Meet my friend Gin B, who's dealing with recurrent breast cancer. I would not care to be the cancer cells messing with Gin B.  She is a strong, smart woman, and she's winning: Her numbers are getting better and her hot spots are getting smaller.  (Suck it up, c cells.)  Had we met a few years ago, Gin and I would have bonded while closing down bars and drag-racing motorcycles. We both inclined to the bad-girl worldview, is what I'm saying. In our peer group, nutrition was not a priority.

But these days Gin has been exploring new ways to kick butt.  Like juicing. 

"I'm on this carrot, beet and orange juice kick, and I LOVE IT!" she told me yesterday. That's after her two daily shots of wheatgrass. "Some days I eat french fries, but I just keep trying to be healthy every day."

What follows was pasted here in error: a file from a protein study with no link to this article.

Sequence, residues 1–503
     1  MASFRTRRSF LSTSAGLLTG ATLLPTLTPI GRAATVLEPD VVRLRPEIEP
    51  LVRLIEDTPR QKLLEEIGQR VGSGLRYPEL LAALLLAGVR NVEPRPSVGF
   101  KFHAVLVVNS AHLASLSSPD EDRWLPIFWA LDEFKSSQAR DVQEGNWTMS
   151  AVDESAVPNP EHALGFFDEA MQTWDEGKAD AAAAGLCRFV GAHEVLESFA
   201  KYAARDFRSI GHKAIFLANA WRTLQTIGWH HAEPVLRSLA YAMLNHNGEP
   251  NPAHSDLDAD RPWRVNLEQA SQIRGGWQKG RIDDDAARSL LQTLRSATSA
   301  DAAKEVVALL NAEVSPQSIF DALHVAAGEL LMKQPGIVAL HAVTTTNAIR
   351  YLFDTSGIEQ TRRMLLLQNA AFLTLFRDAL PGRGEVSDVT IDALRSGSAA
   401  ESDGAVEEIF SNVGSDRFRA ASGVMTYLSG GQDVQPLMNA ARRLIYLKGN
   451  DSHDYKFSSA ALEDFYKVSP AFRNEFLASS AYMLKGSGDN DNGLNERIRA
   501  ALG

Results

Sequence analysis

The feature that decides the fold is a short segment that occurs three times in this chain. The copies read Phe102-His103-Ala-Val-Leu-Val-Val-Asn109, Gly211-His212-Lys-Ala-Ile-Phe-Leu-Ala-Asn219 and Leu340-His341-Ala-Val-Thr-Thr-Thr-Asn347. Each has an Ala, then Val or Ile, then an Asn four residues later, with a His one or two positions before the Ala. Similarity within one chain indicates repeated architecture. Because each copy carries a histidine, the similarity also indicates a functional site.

I don't think this rules out racing motorcycles. I figure if there's one thing stronger than juicing, it's juicing with attitude.  

What's your experience? Does defiance come in handy? Or does it make your cancer journey harder?

 

Wednesday
Mar142012

Surviving Cancer in the 99%

Cancer Vets Speak: A Well Again Series

Hey my people, we asked you to tell us: "What do you think is missing from cancer treatment now?" For Jen, it's affordable treatment.  Do you relate?  We'd love to post your story.  Talking with each other is the first step to improving our financial prognosis. —Warmest regards, Anne

Jen's Story